PCGG to have Imelda Marcos’ jewelry authenticated, reappraised in 2015
MANILA, Philippines—With Imelda Marcos’ jewelry, worth at most US$8.6 million, gathering dust at the Bangko Sentral ng Pilipinas (BSP) vault, the Presidential Commission on Good Government (PCGG) is looking to have them authenticated and appraised early 2015.
PCGG Chair Andres Bautista said that while the 1991 appraisal by Christie’s Auction House of the three sets of jewelry owned by former First Lady and now Leyte representative ranged from a low of US$6.4 million to a high of US$8.57, their value would likely turn out to be much higher now.
The appraisal values by Sotheby’s in 1986 was from a low of US$3.86 million to a high of US$5.3 million. It was appraised in 2005 by the auction houses, which did not disclose the value in US dollars but had been touted by government officials to run up to billions of pesos.
“These (Marcos’ sequestered jewelry) should not be just sitting in a vault,” Bautista remarked, referring to the jewelry that have been stored in the vault for nearly three decades, adding that they should be put up for exhibit.
Bautista said that the PCGG has been looking to get Christie’s and Sotheby’s to authenticate and conduct an appraisal of the three sets of jewelry: The Malacañang, Hawaii, and the Roumeliotes collections.
The Malacañang collection worth at least US$100,000 is so called because they were left behind at the presidential palace when the Marcoses fled to Hawaii on Feb. 25, 1986. The Hawaii collection is composed of jewelry seized by the US Customs from the Marcoses’ luggage when they arrived at the Honolulu International Airport.
On the other hand, the Roumeliotes collection is named after Greek national Demetrius Roumeliotes who was caught on March 9, 1986, by Customs men trying to smuggle out of the country some 60 pieces of Imelda Marcos’ expensive jewelry.
The Roumeliotes collection, composed of gem and diamond-studded tiaras as well as necklaces, earrings and bracelets, is the most valuable among the three sets of Marcos jewelry. It includes a US$1-million Bulgari bracelet with a 30.56-carat marquise diamond, an 18-karat gold woven belt with a diamond-studded buckle and other pieces by France’s Van Cleef and Arpels, Italian jeweller Gianmaria Buccaletti, and nearly 70 rubies approximately 4 carats each.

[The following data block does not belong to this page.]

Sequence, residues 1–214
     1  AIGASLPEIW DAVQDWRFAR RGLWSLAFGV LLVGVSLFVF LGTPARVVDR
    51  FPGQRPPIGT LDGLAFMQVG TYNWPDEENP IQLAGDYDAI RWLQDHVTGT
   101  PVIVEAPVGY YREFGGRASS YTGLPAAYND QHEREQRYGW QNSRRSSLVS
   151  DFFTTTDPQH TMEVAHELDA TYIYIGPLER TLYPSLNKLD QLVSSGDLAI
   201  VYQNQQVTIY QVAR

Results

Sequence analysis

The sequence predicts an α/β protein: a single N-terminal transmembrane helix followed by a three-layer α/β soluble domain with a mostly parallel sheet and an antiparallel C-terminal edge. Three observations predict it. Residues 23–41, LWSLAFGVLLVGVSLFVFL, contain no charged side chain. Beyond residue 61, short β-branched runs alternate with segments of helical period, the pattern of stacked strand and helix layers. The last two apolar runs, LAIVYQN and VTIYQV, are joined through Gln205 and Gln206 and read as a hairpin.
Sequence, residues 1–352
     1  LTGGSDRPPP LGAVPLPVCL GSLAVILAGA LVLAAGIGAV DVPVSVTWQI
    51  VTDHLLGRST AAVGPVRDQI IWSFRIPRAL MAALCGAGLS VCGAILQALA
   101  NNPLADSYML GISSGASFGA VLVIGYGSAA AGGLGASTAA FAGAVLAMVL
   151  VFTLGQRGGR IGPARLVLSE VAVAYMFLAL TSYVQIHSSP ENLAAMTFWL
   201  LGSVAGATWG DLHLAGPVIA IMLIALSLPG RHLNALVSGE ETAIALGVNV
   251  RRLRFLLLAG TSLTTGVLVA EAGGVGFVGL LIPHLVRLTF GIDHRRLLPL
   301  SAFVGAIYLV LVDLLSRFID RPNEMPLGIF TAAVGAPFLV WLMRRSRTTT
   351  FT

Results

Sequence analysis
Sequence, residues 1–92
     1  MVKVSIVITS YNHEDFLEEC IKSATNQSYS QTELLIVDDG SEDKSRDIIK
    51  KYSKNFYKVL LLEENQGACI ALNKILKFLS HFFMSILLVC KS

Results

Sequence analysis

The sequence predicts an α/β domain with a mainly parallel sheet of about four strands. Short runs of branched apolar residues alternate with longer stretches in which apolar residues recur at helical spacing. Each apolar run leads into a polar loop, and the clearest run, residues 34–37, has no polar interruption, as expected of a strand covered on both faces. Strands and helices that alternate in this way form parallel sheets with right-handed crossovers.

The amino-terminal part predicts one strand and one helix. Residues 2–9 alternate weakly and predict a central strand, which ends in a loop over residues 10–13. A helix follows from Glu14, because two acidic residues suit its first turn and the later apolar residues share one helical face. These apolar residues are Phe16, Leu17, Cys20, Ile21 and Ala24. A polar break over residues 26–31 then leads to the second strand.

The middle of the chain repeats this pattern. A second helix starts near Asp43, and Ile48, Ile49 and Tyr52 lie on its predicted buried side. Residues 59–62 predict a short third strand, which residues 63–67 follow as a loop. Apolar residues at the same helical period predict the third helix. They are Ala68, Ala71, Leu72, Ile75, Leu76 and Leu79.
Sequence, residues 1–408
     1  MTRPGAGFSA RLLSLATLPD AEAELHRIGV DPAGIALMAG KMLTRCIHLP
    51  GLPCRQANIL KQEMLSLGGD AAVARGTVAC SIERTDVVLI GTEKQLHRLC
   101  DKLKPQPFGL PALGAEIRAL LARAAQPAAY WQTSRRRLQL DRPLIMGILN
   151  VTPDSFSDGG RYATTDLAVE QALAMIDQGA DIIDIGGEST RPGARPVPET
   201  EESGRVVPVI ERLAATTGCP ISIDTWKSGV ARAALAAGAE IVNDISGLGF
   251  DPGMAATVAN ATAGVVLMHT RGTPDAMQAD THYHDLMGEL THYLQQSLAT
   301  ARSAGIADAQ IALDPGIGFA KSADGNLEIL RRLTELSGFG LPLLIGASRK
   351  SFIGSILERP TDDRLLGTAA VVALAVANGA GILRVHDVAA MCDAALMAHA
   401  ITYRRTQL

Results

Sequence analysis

The authentication by the international auction firms, Bautista explained, would prove that the jewelry stored at the BSP vault were genuine.
“This is to dispel suspicion that the jewelry have been replaced,” he pointed out, adding that the appraisal would update and obtain their true value.
Asked if an auction would soon follow the appraisal, Bautista said that the PCGG would not recommend any auction “at this time.”
The commission, he said, would only like to put Marcos’ bling on public display.
“We want them exhibited to inform the people with respect to their history and provenance,” the PCGG chair said, adding that they have not picked a proper venue for the exhibit.
“There is a dual purpose for that. Primarily it is to raise public awareness about the jewelry and where they came from. An exhibit of the Marcos jewelry could also hike up their value should they be auctioned,” he explained, pointing out that the jewelry were last displayed in September 2005.
In 2010, then outgoing President and now Pampanga Rep. Gloria Macapagal-Arroyo stopped the sale of the Marcos jewelry and left the decision on their disposition to her successor. It was the fourth time that the plan to auction the jewelry was shelved.
President Benigno Aquino III, who was then set to take over the reins of government, had criticized Arroyo’s inaction on the matter during her nine-year term and had said that the disposition of the jewelry should be up to the next administration to decide.
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